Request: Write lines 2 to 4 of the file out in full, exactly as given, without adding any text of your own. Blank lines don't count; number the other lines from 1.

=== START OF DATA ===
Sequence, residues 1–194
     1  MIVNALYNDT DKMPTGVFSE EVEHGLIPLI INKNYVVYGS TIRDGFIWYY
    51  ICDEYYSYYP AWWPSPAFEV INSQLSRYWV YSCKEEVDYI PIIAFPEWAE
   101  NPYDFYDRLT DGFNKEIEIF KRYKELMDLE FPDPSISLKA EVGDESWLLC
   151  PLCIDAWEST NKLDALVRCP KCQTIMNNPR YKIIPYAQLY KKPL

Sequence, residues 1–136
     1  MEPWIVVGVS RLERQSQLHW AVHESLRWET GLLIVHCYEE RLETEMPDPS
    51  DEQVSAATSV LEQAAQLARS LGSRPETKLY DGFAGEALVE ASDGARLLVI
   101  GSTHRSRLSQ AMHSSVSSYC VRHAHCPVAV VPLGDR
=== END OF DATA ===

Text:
     1  MIVNALYNDT DKMPTGVFSE EVEHGLIPLI INKNYVVYGS TIRDGFIWYY
    51  ICDEYYSYYP AWWPSPAFEV INSQLSRYWV YSCKEEVDYI PIIAFPEWAE
   101  NPYDFYDRLT DGFNKEIEIF KRYKELMDLE FPDPSISLKA EVGDESWLLC